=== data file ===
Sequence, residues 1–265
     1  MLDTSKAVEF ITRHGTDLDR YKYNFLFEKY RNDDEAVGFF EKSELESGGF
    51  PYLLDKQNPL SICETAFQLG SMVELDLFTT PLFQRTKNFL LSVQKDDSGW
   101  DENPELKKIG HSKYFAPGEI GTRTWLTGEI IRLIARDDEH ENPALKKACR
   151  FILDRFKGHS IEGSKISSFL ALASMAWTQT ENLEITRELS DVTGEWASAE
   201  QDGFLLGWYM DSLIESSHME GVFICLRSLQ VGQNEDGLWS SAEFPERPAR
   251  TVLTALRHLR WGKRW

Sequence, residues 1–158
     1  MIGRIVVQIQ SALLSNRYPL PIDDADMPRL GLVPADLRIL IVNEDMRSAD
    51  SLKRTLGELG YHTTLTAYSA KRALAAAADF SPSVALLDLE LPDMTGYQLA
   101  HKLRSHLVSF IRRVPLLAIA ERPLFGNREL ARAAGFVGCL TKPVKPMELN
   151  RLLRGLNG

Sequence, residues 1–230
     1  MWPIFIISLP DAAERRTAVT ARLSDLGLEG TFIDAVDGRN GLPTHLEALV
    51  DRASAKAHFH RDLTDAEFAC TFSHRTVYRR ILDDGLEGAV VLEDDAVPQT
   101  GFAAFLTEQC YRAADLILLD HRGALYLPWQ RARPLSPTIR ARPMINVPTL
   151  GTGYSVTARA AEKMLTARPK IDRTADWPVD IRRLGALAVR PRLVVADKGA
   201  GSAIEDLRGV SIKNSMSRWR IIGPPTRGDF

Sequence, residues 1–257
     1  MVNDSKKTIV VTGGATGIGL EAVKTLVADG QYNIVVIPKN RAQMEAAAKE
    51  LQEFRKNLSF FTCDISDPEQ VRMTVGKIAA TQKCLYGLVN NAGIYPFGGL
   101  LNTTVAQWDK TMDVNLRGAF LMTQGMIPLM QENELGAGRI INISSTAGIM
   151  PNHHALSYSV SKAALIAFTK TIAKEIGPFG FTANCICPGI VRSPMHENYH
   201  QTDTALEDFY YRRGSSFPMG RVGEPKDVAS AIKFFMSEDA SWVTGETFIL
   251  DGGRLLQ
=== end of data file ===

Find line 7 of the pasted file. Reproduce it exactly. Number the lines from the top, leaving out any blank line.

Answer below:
   251  TVLTALRHLR WGKRW